When I graduated from Gutenberg College in 2005, I left a place that felt like a haven in American evangelicalism. I left a place that valued dialogue.
Gutenberg encouraged me to engage in conversations with people and ideas. While most of the staff were outspoken in their conservative Christianity, they felt their beliefs necessitated that students experience other beliefs. We didn’t just read Christian textbooks about philosophers, scientists, and historians; we read those philosophers, scientists, and historians ourselves. We weren’t given glib catch phrases against Darwinianism; we read Charles Darwin’s own words from The Origin of Species.
We were given the gift of understanding the people behind ideas. This was all part of what Gutenberg called “the Great Conversation” for the second two years of the program. The history of ideas was a Great Conversation, and we were invited to be conversational partners.
But since last summer, when the college’s official Summer Institute — an event intended to showcase to the public the strengths of our collegiate environment — was nothing more than a soapbox for one of their professors, I’m finding myself at a loss. Instead of valuing dialogue, the conservative Christianity of the school is taking center stage — and it’s becoming more radical, more vehement, than I have ever encountered it.
The Summer Institute last year was nothing more than Jack Crabtree, the man who advised my senior thesis and I grew to admire as a stellar philosopher, presenting an earth-scorched conspiracy theory filled with internally incoherent analysis grounded in “evidence” from Fox News’ Todd Starnes. And the only “dialogue” amidst Jack’s monologue were other professors taking issue with definitions and throwaway arguments. No speaker — save the one graduate allowed to respond — challenged Jack’s shoddy evidence or extremist positions.
When I first voiced my concerns, I was almost immediately contacted by one of the professors who asked me to “please stop commenting.” I was “misrepresenting” the school’s commitment to dialogue and thereby giving it a bad name. I quietly worried whether my alma mater, a school of dialogue, had publicly shape-shifted into a school of monologue.
Yesterday, Gutenberg once again gave Jack Crabtree a platform for monologue.
They introduced a six-week series where Jack presents his version of “biblical sexual ethics.” Which, honestly, appears to be nothing more than his “defense” of why he thinks being gay is a sin. He puts gay people in the same category as cannibals, child rapists, and people who f@#$ automobiles. They are all on the same level of “morally disgusting” and “viscerally repulsive” to Jack. And even more bizarre — for a class that supposedly present “biblical” sexual ethics, Jack presents hardly any evidence from the Bible. It’s all his “worldview,” baptized as “biblical.”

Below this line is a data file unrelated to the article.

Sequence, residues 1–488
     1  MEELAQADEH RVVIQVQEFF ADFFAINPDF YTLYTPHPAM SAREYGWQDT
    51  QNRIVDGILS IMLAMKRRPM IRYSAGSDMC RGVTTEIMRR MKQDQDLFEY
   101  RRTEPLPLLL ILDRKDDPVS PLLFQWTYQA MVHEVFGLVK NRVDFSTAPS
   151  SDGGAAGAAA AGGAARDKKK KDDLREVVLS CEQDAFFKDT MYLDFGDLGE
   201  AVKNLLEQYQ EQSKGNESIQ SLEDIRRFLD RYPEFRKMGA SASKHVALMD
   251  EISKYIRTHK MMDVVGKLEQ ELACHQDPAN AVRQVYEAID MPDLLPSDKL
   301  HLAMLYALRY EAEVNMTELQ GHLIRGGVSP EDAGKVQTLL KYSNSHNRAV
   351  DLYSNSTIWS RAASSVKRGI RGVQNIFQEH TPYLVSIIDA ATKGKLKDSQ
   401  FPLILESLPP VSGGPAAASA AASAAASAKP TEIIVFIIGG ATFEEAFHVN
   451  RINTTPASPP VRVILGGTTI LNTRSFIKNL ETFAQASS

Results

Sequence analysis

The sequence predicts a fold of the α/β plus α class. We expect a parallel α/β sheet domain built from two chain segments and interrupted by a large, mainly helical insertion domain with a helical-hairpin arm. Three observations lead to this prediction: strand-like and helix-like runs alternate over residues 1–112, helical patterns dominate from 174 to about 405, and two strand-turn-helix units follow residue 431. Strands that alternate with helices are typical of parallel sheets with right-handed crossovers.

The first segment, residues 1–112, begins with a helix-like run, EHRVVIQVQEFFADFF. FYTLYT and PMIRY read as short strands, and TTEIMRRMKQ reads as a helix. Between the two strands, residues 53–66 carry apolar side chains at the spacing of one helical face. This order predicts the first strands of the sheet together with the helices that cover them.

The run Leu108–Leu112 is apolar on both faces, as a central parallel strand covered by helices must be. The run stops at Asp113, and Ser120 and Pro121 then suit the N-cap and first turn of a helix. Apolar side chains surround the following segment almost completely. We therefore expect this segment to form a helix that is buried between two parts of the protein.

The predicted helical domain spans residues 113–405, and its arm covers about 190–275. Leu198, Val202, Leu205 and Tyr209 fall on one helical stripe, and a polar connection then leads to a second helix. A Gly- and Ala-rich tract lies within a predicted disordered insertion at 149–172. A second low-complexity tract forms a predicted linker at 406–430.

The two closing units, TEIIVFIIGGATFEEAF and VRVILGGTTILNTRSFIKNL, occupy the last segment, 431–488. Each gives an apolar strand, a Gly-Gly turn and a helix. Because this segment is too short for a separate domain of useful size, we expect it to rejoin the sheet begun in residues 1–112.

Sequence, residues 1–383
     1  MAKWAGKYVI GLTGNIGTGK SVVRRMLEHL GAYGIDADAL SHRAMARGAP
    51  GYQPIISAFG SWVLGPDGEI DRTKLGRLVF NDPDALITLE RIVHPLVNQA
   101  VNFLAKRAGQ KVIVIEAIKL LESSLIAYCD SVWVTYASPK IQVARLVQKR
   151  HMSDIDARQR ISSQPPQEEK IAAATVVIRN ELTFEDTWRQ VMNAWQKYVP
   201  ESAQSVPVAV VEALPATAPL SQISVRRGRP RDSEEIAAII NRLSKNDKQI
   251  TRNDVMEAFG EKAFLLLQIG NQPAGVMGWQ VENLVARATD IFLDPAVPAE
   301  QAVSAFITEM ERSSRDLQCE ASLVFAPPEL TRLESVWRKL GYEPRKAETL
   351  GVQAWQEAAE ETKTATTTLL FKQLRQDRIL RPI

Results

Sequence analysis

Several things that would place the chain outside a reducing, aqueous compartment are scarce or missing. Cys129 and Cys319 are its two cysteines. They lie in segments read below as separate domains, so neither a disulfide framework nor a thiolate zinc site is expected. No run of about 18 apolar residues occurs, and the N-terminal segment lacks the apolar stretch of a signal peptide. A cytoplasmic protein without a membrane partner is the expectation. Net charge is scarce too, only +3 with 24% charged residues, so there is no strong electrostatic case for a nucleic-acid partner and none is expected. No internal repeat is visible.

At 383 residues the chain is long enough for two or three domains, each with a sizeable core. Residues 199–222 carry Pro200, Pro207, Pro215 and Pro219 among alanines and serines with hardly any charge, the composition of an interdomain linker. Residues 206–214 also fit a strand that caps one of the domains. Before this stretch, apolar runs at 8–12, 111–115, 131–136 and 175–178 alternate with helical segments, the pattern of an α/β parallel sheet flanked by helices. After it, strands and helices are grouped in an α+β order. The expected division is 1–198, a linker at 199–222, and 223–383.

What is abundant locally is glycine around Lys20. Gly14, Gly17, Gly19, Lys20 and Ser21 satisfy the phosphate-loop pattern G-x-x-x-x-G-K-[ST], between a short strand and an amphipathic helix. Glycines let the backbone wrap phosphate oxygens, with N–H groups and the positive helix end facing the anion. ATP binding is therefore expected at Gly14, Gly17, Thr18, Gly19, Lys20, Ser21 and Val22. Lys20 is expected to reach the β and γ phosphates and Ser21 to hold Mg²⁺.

I’m getting tired of this. I’m getting tired of hearing a professor from this institution — that I care deeply about — repeating lines, almost verbatim, from people like Kevin Swanson.
I mean, seriously, here’s what Jack said:
“Does love for my neighbor require that I want my neighbor to have and do whatever he wants to have and do? Clearly not… ” “To the member of a tribe of cannibals, eating his enemies (though they are human beings) feels comfortably ‘right’ and ‘natural.’ Why wouldn’t it?”
And here’s what Kevin Swanson said just last month:
“The problem with this ‘love’ thing is you can define it anyway you want. Homosexuals love their friends and cannibals love their victims, they taste good.”
How did this place of dialogue so quickly transform into a nightmare from my homeschooling past?
It is highly unlikely I could ever convince Jack that he has a warped view of the Bible on LGBT* issues. After all, I’ve probably just fallen under the spell of the Satanic American Beast’s propaganda. It is also deeply painful to watch the college give sanction to what I consider blatantly hurtful, bigoted language and comparisons. (LGBT* individuals have attended and graduated from here. Your choice of words has an impact.) But at the very least the college could muster what good will it has — good will it used to raise a significant amount of money from its dedicated alumni to keep it afloat — and show the world it still values dialogue.
The world is changing. People are becoming more accepting — and I believe rightly so — of LGBT* individuals. This frightens Jack and makes him worried for our country’s — and our souls’ — future. But he’s doing no one any favors — and Gutenberg is doing itself a disservice as an institution of higher learning — if he and it allow that fear and paranoia be what the school presents to the public. If he and the school succumb to fear, they succumb to their own Beast. Jack has strong faith in what he believes; let him demonstrate that — and put his faith to the test — by showcasing to the public a dialogue.
Where is the Great Conversation, Gutenberg?
Where are the gay Christians, the ones Jack Crabtree compares to cannibals? Will they ever be invited into the Conversation? Or will they continue to be marginalized as the “morally disgusting” equivalent of child rapists? Where, on the reading lists of these events, are books like Justin Lee’s Torn? Or Patrick Cheng’s Radical Love? Where is the commitment to challenge our inherited Christianity, without chalking up people we disagree with to the Worst Things Ever?
If Gutenberg continues with giving a platform to extremist monologue, the school will descend into an echo chamber. And becoming an echo chamber would betray the very values that we alumni learned to love about our alma mater.
For another alumni perspective on perceived changes (though not on LGBT* issues specifically), see “Dismissed by the Dismissive,” from House of Water.